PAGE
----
Morley Safer, 84, Retires From CBS

Morley Safer, the 84-year-old, Toronto-born journalist who hosted 60 Minutes for more than 45 years, is retiring this week, CBS News announced.

Safer grew up in Toronto, attended Harbord Collegiate Institute, Bloor Collegiate, Clinton Street Public and the University of Western Ontario.

His journalism career included stints at the Woodstock Sentinel-Review, London Free Press, Toronto Telegram and Reuters. Safer’s first jobs in broadcasting were with the CBC, working as a correspondent and producer.

In 1964, he joined CBS News as a London-based correspondent. The following year, he opened the CBS News bureau in Saigon.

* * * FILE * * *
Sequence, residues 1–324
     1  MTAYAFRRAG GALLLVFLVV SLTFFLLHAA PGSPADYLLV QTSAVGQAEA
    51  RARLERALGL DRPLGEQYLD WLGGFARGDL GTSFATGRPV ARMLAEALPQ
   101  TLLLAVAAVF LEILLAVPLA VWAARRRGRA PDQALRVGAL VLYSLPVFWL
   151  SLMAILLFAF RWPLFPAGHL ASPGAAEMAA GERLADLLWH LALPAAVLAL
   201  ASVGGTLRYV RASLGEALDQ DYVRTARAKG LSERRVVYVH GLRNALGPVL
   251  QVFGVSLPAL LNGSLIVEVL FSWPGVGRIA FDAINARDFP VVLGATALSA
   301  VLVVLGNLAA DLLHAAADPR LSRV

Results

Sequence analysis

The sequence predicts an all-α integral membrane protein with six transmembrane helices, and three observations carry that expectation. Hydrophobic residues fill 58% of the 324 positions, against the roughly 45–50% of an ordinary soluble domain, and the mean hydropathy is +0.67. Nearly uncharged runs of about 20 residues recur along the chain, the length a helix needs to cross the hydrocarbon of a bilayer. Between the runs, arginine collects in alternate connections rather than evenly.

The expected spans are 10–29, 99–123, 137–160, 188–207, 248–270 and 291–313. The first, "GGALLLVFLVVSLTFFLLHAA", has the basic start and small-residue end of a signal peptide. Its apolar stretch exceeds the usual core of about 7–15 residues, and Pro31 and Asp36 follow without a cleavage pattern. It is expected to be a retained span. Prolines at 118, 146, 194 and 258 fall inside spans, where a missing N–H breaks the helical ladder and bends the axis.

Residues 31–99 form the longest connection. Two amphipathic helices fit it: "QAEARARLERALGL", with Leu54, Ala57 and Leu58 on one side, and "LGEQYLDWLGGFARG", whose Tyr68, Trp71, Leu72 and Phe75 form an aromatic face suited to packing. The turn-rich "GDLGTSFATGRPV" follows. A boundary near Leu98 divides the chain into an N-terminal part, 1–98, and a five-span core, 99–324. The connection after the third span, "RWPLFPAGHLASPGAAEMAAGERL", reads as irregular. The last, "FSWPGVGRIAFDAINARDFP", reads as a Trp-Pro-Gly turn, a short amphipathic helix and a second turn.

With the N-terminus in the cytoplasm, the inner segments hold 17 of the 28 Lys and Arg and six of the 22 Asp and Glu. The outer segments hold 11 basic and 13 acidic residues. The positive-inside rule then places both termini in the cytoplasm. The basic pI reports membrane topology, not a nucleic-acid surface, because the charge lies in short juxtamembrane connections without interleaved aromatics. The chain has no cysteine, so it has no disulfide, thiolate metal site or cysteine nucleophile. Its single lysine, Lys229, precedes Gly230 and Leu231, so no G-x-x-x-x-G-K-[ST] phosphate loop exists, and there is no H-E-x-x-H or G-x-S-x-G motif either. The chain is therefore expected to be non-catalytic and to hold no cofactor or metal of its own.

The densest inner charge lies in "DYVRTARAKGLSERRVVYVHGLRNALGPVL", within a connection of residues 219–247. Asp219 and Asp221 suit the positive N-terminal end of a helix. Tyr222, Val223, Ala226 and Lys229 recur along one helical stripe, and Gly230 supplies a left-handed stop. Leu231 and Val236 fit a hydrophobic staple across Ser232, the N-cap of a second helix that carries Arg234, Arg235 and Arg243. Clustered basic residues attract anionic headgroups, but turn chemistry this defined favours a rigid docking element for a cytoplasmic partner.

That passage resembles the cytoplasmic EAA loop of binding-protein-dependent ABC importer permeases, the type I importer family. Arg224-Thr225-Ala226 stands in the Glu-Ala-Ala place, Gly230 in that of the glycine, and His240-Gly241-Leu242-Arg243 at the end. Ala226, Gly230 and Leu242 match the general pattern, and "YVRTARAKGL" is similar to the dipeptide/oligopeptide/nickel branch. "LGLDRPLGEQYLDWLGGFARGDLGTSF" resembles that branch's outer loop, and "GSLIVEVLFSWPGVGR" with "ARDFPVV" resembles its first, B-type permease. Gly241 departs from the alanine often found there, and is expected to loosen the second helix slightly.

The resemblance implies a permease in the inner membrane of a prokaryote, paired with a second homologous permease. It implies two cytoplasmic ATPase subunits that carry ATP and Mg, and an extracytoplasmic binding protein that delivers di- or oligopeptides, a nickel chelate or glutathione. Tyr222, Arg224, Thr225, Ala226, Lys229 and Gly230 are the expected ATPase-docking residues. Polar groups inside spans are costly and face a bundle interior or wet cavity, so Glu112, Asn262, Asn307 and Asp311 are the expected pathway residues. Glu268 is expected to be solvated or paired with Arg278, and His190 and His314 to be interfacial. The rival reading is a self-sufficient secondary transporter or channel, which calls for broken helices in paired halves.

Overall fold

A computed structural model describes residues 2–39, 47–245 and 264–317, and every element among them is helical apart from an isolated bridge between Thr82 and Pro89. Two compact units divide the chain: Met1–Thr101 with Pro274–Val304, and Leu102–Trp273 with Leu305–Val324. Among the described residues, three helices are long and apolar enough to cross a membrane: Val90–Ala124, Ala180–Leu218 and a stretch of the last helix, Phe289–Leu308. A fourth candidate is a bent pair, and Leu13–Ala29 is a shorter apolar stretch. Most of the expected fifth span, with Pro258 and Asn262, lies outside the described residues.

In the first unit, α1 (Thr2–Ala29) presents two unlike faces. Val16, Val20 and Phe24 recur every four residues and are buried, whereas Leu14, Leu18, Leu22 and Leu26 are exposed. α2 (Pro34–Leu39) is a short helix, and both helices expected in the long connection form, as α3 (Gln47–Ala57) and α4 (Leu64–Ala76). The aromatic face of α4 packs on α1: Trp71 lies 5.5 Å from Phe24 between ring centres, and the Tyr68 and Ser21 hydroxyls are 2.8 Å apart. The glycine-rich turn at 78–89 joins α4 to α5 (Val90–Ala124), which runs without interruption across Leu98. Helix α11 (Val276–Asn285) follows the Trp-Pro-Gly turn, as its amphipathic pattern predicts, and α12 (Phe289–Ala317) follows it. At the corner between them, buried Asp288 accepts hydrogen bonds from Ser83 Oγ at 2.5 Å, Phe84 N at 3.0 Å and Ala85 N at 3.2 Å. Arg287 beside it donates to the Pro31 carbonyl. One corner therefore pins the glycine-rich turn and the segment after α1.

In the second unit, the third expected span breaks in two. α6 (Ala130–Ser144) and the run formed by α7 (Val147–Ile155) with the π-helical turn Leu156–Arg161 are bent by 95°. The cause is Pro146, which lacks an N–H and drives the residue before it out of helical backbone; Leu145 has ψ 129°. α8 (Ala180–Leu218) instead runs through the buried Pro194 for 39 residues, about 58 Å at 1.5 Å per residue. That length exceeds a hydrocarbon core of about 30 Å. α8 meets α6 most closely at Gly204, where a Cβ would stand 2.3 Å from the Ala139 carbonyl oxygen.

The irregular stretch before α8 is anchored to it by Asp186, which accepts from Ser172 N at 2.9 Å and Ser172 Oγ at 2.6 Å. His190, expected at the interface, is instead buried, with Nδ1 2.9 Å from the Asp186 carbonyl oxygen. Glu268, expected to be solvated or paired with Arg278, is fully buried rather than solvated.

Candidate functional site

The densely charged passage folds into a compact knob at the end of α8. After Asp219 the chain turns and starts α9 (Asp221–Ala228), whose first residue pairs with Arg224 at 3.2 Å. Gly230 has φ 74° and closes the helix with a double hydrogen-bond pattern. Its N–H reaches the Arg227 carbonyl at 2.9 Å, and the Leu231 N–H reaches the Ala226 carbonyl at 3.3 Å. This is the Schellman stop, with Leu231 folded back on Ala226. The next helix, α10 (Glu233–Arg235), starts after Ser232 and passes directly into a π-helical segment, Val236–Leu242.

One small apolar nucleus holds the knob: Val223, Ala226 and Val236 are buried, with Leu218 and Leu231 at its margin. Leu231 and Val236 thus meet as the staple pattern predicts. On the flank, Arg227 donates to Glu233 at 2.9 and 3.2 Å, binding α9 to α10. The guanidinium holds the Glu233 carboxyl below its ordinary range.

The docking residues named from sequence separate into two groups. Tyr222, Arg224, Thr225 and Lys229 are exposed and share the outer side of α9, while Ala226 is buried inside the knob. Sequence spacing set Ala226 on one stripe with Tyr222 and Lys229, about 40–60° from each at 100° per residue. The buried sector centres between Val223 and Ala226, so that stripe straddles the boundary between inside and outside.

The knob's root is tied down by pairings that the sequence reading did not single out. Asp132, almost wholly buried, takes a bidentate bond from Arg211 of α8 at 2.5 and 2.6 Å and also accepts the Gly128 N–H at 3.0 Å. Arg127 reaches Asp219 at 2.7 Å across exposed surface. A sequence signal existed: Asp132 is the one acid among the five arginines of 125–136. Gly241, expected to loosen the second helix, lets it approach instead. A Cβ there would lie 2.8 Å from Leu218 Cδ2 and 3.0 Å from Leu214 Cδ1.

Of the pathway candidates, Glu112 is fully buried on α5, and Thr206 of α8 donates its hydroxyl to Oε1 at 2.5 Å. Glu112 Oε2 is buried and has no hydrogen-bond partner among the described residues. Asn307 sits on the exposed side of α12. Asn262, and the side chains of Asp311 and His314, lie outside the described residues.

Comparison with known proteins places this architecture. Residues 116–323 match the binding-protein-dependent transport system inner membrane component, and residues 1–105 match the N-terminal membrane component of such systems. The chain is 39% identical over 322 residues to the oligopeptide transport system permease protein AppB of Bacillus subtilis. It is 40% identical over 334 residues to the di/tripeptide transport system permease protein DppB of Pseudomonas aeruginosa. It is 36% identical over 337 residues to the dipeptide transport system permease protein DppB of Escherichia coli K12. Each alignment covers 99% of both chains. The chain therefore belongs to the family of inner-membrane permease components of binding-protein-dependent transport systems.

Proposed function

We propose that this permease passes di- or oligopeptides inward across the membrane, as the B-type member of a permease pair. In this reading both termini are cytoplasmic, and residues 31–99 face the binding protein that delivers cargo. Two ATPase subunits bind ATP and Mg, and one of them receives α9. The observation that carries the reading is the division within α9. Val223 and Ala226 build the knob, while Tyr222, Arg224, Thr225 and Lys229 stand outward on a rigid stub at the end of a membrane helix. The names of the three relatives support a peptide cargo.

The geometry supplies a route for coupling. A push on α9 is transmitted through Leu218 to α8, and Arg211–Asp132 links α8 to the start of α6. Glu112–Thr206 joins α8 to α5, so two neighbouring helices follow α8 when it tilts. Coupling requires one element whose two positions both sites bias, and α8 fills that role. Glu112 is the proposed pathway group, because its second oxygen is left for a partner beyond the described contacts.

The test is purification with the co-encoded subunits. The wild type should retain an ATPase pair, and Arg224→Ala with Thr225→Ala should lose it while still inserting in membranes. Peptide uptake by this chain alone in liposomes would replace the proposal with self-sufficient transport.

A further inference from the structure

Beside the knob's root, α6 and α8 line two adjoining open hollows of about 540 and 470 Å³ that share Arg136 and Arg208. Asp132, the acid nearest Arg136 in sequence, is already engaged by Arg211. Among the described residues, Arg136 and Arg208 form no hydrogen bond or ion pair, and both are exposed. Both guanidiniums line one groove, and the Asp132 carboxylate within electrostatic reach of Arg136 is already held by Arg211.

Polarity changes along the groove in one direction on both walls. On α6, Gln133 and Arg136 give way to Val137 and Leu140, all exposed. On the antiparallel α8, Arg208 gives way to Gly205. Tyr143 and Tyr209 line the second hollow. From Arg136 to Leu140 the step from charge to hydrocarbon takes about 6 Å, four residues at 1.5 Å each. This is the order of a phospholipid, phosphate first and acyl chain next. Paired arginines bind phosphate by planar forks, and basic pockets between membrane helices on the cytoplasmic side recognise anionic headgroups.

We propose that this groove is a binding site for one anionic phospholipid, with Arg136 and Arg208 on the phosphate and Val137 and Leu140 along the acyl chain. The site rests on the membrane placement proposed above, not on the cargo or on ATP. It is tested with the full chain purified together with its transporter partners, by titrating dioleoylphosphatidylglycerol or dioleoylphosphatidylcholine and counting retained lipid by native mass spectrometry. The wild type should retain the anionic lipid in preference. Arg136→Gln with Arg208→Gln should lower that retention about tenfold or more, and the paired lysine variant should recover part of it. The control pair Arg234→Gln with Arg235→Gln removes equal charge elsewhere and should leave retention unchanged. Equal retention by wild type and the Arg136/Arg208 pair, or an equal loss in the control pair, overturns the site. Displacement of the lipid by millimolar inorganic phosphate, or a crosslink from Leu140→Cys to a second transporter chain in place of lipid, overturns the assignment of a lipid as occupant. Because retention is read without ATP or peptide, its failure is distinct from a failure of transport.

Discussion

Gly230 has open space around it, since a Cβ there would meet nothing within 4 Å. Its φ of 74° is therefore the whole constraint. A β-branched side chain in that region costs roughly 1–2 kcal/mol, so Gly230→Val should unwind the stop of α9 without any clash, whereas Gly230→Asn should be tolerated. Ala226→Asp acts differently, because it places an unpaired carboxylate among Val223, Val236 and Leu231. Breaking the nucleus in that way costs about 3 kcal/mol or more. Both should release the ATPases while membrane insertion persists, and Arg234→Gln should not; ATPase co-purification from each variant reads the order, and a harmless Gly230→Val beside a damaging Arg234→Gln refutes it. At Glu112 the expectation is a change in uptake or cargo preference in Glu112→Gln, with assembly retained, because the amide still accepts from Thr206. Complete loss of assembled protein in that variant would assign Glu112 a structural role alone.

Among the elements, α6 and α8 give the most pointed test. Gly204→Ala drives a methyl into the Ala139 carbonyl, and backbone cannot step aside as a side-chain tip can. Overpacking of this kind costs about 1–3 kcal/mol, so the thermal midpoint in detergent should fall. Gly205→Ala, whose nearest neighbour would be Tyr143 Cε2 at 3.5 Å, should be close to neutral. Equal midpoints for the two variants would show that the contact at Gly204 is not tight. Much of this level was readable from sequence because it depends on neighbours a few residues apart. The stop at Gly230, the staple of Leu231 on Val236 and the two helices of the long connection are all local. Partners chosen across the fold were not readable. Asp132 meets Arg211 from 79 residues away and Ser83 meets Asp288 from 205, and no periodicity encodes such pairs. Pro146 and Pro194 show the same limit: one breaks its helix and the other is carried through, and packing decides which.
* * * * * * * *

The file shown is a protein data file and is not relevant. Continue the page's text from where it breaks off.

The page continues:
Early on in that assignment, he followed some U.S. Marines who burned the homes of villagers who’d been evacuated. When Safer’s report on this event was broadcast, then-U.S. President Lyndon Baines Johnson reacted angrily. Suspecting that Safer was a communist, he ordered a security check.

Informed that Safer “wasn’t a communist, just a Canadian,” LBJ responded: “Well, I knew he wasn’t an American.”

That story by Safer was among the top 100 works in U.S. journalism of the 20th century chosen by New York University’s journalism department.

A special about Safer’s life and work will be broadcast on CBS on Sunday. In it, Safer says he didn’t really like being on television.

“It makes me uneasy. It is not natural to be talking to a piece of machinery. But the money is very good.”